A comparison of quality measures for model selection in surrogate-assisted evolutionary algorithm
- 21 Downloads
Choosing a proper approximation model should be the first and the most fundamental problem to be solved when dealing with surrogate-assisted evolutionary algorithms. Till now, most of the model selection methods emphasize on obtaining the best surrogate model basing on model accuracy assessments. As the population ranking is of the most important part in evolutionary optimization, the target function of surrogate model should focus on the right ranking of candidate solutions. Therefore, in this paper, we make a comparison study on several model quality measures which basically dedicated to measuring the capability of surrogate model in selecting and ranking the candidate solutions. In order to investigate the compatibility between accuracy assessments and ranking correlation methods, four algorithms with different model selection strategies based on different quality measures are designed and comparative study is made by contrasting them to three specific surrogate-assisted evolutionary algorithms as well as the standard particle swarm optimization. Simulation results on ten commonly used benchmark problems and one engineering case demonstrate the efficacy of the designed model selection strategies and meanwhile provide further insight into the three model quality measures studied in this paper in model selection.
KeywordsSurrogate Model selection Bootstrap sampling Quality measure Particle swarm optimization
This work is supported by National Natural Science Foundation of China (Grant Nos. 61472269 and 61403272) and the State Key Laboratory of Synthetical Automation for Process Industries, Northeastern University, China, as well as the Fund Program for the Scientific Activities of Selected Returned Overseas Professionals in Shanxi Province.
Compliance with ethical standards
Conflict of interest
Author Haibo Yu declares that he has no conflict of interest. Author Ying Tan declares that she has no conflict of interest. Author Chaoli Sun declares that she has no conflict of interest. Author Jianchao Zeng declares that he has no conflict of interest.
This article does not contain any studies with human participants or animals performed by any of the authors.
- Clerc M (1999) The swarm and the queen: towards a deterministic and adaptive particle swarm optimization. In: Proceedings of the 1999 congress on evolutionary computation-CEC99 (Cat. No. 99TH8406), vol 1953, pp 1–1957. https://doi.org/10.1109/cec.1999.785513
- Díaz-Manríquez A, Toscano-Pulido G, Gómez-Flores W (2011) On the selection of surrogate models in evolutionary optimization algorithms. In: 2011 IEEE congress of evolutionary computation (CEC), pp 2155–2162. https://doi.org/10.1109/cec.2011.5949881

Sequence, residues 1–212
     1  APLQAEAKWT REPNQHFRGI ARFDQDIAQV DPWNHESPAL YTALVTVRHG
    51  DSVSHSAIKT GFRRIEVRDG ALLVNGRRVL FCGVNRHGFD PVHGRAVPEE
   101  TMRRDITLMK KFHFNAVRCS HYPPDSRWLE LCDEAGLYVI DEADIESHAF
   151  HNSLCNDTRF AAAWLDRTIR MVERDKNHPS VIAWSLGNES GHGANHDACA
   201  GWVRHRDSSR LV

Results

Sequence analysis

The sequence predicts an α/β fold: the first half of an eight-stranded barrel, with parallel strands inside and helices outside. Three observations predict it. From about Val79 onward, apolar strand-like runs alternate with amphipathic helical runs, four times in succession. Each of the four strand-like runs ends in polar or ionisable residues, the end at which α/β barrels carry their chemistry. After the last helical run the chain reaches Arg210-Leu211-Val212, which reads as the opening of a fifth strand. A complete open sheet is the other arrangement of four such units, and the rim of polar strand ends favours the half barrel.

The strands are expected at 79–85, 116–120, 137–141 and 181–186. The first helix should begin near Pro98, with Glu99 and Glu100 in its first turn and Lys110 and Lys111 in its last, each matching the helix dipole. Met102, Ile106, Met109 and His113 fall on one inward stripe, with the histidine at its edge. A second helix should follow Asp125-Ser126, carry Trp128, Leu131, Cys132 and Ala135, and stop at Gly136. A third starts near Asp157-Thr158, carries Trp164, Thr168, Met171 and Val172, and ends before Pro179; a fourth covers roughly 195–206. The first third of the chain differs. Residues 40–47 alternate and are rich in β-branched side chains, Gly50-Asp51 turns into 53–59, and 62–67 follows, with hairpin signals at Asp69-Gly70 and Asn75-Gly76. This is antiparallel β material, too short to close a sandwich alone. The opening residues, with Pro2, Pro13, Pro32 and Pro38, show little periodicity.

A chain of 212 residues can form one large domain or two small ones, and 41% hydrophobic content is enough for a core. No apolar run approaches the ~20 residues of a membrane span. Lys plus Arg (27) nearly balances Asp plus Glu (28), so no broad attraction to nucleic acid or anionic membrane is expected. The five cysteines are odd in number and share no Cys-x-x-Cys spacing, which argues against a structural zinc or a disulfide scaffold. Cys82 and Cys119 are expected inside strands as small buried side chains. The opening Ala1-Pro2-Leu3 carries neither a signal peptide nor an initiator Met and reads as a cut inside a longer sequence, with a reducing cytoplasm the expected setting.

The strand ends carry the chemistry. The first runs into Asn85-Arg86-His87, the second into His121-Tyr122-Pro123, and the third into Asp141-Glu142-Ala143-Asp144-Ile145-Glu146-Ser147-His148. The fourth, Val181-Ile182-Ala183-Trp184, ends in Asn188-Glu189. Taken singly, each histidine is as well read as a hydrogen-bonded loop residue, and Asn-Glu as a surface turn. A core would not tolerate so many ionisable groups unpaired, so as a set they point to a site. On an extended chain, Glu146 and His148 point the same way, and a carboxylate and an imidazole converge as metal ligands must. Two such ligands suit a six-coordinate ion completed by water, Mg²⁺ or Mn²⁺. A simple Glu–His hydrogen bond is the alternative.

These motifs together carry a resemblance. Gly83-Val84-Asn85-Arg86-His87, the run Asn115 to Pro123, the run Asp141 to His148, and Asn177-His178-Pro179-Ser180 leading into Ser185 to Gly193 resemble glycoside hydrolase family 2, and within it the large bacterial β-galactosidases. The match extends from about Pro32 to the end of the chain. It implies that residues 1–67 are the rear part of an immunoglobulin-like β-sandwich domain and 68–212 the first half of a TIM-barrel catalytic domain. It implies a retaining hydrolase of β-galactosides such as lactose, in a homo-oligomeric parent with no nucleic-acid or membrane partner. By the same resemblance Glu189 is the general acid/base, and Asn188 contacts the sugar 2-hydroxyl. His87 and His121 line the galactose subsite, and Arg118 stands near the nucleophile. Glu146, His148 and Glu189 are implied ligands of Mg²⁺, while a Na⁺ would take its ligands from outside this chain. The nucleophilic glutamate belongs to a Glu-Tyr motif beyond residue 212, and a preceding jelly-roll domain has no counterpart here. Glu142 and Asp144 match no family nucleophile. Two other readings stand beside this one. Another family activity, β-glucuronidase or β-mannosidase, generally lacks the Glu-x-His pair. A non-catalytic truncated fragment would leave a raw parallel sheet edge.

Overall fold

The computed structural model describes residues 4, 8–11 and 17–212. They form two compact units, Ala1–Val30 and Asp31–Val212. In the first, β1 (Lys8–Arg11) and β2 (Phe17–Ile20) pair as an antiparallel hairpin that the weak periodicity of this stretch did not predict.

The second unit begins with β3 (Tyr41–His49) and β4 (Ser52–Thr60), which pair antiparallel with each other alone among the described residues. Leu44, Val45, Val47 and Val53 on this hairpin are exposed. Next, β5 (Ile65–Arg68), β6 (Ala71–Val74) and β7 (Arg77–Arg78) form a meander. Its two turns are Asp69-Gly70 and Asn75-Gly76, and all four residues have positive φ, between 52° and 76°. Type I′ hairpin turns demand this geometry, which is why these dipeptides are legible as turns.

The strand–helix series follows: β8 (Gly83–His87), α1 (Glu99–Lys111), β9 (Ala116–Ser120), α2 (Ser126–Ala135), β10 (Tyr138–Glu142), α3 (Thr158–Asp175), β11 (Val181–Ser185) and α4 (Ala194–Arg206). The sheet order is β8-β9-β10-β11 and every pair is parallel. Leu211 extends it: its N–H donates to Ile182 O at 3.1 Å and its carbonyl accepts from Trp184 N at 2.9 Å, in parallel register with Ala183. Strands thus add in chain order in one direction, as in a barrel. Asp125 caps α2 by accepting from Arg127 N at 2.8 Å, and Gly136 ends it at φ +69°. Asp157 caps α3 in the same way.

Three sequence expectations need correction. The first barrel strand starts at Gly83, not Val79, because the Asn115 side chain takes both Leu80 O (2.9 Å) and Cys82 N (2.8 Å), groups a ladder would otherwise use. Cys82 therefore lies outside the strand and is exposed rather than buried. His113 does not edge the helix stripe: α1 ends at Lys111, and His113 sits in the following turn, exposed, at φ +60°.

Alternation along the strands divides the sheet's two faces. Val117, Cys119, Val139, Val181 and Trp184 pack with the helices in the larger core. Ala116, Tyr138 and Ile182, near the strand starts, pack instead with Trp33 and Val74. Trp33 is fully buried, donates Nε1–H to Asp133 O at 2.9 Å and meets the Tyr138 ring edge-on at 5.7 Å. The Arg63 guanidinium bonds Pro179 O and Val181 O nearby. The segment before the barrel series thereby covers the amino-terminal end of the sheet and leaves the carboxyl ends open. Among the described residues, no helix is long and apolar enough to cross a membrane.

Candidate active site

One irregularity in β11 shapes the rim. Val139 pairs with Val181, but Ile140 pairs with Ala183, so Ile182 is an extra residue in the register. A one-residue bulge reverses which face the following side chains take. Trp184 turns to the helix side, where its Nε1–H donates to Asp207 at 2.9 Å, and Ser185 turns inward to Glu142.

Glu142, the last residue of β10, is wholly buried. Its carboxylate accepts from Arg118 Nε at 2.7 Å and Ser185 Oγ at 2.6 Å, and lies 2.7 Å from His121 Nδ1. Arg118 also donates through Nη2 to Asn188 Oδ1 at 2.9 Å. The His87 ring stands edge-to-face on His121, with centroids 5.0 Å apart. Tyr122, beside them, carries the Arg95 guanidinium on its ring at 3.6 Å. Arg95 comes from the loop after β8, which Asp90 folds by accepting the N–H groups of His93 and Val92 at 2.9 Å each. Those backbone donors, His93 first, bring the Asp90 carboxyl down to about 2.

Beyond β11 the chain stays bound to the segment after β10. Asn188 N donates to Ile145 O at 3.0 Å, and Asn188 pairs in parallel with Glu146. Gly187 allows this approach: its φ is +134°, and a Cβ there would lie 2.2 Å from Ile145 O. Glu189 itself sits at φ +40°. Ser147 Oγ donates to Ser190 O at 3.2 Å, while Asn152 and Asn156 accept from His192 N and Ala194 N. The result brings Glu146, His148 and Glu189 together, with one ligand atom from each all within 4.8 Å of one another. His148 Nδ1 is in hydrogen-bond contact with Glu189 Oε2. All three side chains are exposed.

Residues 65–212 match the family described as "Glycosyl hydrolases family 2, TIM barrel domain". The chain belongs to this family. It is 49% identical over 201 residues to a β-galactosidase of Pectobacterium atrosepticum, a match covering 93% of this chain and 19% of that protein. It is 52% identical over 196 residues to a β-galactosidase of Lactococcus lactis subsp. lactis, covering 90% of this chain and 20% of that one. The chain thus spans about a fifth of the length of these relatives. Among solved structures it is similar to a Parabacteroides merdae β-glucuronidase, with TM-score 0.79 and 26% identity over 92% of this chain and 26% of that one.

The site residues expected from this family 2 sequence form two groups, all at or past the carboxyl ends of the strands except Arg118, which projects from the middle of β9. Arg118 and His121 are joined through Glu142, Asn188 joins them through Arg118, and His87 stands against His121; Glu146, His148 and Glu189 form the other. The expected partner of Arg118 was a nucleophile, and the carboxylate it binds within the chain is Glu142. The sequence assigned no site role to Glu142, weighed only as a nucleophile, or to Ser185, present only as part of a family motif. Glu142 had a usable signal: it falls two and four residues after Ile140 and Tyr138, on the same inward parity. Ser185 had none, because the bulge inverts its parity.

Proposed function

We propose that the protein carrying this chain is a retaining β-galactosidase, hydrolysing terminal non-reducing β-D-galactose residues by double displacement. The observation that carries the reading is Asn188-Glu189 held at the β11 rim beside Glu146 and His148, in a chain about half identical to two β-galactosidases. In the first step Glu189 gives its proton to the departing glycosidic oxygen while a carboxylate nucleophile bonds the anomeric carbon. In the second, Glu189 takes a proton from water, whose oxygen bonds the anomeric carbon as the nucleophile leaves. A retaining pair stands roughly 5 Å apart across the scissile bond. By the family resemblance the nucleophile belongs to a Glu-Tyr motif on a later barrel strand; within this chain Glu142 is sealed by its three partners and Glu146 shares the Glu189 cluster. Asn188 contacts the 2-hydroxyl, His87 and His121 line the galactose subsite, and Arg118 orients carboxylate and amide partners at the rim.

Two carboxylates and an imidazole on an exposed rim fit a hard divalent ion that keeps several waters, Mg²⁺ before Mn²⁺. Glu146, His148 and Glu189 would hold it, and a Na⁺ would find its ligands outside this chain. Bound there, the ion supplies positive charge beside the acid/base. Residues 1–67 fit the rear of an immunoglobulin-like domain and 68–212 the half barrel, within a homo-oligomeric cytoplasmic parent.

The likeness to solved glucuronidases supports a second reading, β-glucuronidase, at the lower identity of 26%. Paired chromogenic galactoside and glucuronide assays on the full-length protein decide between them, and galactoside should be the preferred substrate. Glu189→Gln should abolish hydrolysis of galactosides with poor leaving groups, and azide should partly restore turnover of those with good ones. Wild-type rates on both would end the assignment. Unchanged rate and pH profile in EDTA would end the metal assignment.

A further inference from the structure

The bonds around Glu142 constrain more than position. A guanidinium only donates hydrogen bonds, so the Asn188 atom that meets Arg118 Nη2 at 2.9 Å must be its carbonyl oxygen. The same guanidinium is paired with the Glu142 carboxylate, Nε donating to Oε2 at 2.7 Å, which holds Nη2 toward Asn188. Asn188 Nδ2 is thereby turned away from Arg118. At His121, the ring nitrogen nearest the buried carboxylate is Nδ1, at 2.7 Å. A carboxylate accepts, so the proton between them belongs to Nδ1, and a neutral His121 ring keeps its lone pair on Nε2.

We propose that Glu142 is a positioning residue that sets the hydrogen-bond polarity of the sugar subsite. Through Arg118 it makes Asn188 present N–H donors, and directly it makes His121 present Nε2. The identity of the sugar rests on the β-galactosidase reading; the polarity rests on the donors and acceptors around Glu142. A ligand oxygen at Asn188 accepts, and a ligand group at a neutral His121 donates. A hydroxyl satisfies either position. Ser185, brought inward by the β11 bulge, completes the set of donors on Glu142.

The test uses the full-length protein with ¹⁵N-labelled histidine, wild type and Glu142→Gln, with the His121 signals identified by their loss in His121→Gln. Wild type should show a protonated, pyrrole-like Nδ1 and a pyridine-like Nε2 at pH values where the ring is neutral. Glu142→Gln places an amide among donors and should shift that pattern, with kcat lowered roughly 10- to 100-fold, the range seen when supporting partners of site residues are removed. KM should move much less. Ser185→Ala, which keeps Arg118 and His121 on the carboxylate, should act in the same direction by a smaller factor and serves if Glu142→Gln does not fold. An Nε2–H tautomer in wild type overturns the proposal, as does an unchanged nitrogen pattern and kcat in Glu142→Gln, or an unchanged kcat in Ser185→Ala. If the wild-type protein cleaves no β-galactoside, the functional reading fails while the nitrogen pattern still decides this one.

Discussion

- Ingu T, Takagi H (1999) Accelerating a GA convergence by fitting a single-peak function. In: Fuzzy systems conference proceedings, FUZZ-IEEE ‘99. 1999 IEEE International, vol 1413, pp 1415–1420. https://doi.org/10.1109/fuzzy.1999.790111
- Jin Y, Michael H (2003) Quality measures for approximate models in evolutionary computation. In: GECCO, pp 170–173Google Scholar
- Lendasse A, Wertz V, Verleysen M (2003) Model selection with cross-validations and bootstraps: application to time series prediction with RBFN models. In: Artificial neural networks and neural information processing–ICANN/ICONIP 2003, pp 573–580. Springer, BerlinGoogle Scholar
- Liang K-H, Yao X, Newton C (2000) Evolutionary search of approximated n-dimensional landscapes. Int J Knowl Based Intell Eng Syst 4:172–183Google Scholar
- Lim D, Ong Y-S, Jin Y, Sendhoff B (2007) A study on metamodeling techniques, ensembles, and multi-surrogates in evolutionary computation. Paper presented at the Proceedings of the 9th annual conference on Genetic and evolutionary computation, London, EnglandGoogle Scholar
- Lim D, Ong Y-S, Jin Y, Sendhoff B (2008) Evolutionary optimization with dynamic fidelity computational models. In: Huang D-S, Wunsch DC, Levine DS, Jo K-H (eds) Advanced intelligent computing theories and applications. With Aspects of artificial intelligence: 4th international conference on intelligent computing, ICIC 2008 Shanghai, China, September 15-18, 2008. Springer, Berlin, pp 235–242 https://doi.org/10.1007/978-3-540-85984-0_29
- Lophaven SN, Nielsen HB, Søndergaard J (2002) DACE-A Matlab Kriging toolbox, version 2.0Google Scholar
- Nakayama H, Arakawa M, Sasaki R (2001) A computational intelligence approach to optimization with unknown objective functions. In: Artificial neural networks—ICANN 2001. Springer, Berlin, pp 73–80Google Scholar
- Powell M (2001) Radial basis function methods for interpolation to functions of many variables. In: HERCMA. Citeseer, pp 2–24Google Scholar
- Shi L, Rasheed K (2008) ASAGA: an adaptive surrogate-assisted genetic algorithm. Paper presented at the Proceedings of the 10th annual conference on Genetic and evolutionary computation, Atlanta, GA, USAGoogle Scholar
- Shi L, Rasheed K (2010) A survey of fitness approximation methods applied in evolutionary algorithms. In: Tenne Y, Goh C-K (eds) Computational intelligence in expensive optimization problems. Springer, Berlin, pp 3–28. https://doi.org/10.1007/978-3-642-10701-6_1
- Yang D, Flockton SJ (1995) Evolutionary algorithms with a coarse-to-fine function smoothing. In: IEEE international conference on evolutionary computation. IEEE, pp 657–662Google Scholar
- Yu H, Tan Y, Sun C, Zeng J, Jin Y (2016) An adaptive model selection strategy for surrogate-assisted particle swarm optimization algorithm. In: 2016 IEEE symposium series on computational intelligence (SSCI), pp 1–8 https://doi.org/10.1109/ssci.2016.7850208